The main JSA members at work here include Johnny Thunder, Dr. Mid-nite, Hawkman, Dr. Fate, the Atom, the Flash, the Spectre, and Green Lantern. We also get the first 'bonus' insert story in superhero history, as Wonder Woman gets introduced in a solo story in one issue. Eventually, the JSA would deign to make her their recording secretary, a skill I'm pretty sure life as an Amazon didn't prepare her for.

In this second archive edition, the stories are firmly in the second mode, with the heroes teaming up at the end for the sake of closure. Gardner Fox and editor Shelly Mayer were inventing a sub-generic form on the fly, with no real antecedents unless you want to get goofy and claim Jason and the Argonauts as the first superhero group. Wartime concerns form the motivation for the cases in this book, as the heroes seek to raise money for European war orphans, bust saboteur rings, and secure America from aerial attack with a super-secret 'bomb shield.'

This last quest -- and the last story in the book -- sees Fox finally start to write stories with a certain amount of fanciful 'oomph' to them. The JSA gets dispatched singly through a time-portal in order to retrieve plans for the bomb shield from several hundred years in the future. This allows Fox to finally play with exotic locales (cities in the sky and beneath the sea) and a certain amount of humble-pie for the JSA members, who discover that the average man of the future can mop up the floor with all but the most powerful of them.

Comic-book art in the 1940's could often be pretty awful (the page rates of the time didn't exactly make for a rewarding work situation), though the craftsmanship of the artists would increase as the months flew by. Jack Burnley, a longtime 'ghost' on the Superman comics, draws the Starman episodes here with skill and a certain degree of professional slickness, while Bernard Baily on the Spectre remains one of the more idiosyncratic artists of the early Golden Age. Recommended for superhero fans.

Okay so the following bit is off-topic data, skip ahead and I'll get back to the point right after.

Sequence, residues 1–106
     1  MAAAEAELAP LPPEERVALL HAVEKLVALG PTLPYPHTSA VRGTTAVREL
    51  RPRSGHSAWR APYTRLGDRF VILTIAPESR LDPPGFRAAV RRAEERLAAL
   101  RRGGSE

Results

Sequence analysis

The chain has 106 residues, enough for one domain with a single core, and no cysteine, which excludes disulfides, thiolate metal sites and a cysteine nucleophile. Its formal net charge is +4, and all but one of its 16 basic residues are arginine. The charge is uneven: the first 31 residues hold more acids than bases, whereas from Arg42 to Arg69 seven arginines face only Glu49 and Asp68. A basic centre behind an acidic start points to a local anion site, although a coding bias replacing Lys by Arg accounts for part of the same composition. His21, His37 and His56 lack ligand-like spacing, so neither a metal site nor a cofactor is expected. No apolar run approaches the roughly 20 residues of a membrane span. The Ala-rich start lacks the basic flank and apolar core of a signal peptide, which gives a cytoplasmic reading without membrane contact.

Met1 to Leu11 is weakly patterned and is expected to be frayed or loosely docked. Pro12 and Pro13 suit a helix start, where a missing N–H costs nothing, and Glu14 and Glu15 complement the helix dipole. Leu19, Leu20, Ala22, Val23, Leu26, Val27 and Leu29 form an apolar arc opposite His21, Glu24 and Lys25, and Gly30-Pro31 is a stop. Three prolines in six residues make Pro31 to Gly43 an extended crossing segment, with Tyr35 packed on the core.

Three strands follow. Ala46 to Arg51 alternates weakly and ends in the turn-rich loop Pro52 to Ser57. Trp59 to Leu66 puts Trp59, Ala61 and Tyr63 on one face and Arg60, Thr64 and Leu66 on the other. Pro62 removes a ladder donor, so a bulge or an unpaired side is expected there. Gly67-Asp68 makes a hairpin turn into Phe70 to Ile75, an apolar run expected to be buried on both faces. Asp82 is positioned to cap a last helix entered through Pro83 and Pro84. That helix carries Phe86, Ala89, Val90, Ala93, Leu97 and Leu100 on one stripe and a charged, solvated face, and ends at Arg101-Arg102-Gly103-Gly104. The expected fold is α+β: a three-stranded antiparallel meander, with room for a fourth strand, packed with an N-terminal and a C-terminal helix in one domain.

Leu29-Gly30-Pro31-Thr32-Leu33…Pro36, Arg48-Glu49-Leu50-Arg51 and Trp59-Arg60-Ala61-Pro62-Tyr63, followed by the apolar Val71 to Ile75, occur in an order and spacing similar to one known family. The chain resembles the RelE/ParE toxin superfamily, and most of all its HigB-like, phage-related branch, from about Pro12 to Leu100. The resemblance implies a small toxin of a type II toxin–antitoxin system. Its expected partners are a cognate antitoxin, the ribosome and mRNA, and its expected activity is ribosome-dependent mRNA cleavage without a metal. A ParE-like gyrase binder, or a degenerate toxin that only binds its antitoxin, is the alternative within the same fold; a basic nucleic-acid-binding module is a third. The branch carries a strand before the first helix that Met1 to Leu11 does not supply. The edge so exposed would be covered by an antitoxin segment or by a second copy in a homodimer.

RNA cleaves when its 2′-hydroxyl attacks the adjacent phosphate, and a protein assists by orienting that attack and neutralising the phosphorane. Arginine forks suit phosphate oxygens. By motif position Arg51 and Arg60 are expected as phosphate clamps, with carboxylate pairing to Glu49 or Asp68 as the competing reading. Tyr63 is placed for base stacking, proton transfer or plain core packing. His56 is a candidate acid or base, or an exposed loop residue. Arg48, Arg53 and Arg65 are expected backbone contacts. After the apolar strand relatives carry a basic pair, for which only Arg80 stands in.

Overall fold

Sleepy, Hollow

The Best Horror of the Year Volume One (2008), edited by Ellen Datlow (2009) containing:

Cargo by E. Michael Lewis
If Angels Fight by Richard Bowes
The Clay Party by Steve Duffy
*Penguins of the Apocalypse by William Browning Spencer
*Esmeralda: The First Book Depository Story by Glen Hirshberg
The Hodag by Trent Hergenrader
Very Low-Flying Aircraft by Nicholas Royle
When the Gentlemen Go By by Margaret Ronald
*The Lagerst├Ątte by Laird Barron
Harry and the Monkey by Euan Harvey
Dress Circle by Miranda Siemienowicz
The Rising River by Daniel Kaysen
Sweeney Among the Straight Razors by JoSelle Vanderhooft
Loup-garou by R. B. Russell
Girl in Pieces by Graham Edwards
It Washed Up by Joe R. Lansdale
The Thirteenth Hell by Mike Allen
The Goosle by Margo Lanagan
Beach Head by Daniel LeMoal
The Man from the Peak by Adam Golaski
The Narrows by Simon Bestwick

Being the most subjective of genres, horror lends itself to argument when 'best of' selections are made. What scares one person may make another person chortle. Based on my encounters with multiple-award-winner Ellen Datlow's horror and dark-fantasy editing, the two of us don't have particularly complementary tastes. The first volume of this 'Year's Best Horror' anthology series from Night Shade Books seems to me to be an awfully scattershot assortment of stories, with only three stories I'd pick myself for such an anthology (I've starred them, if you're interested).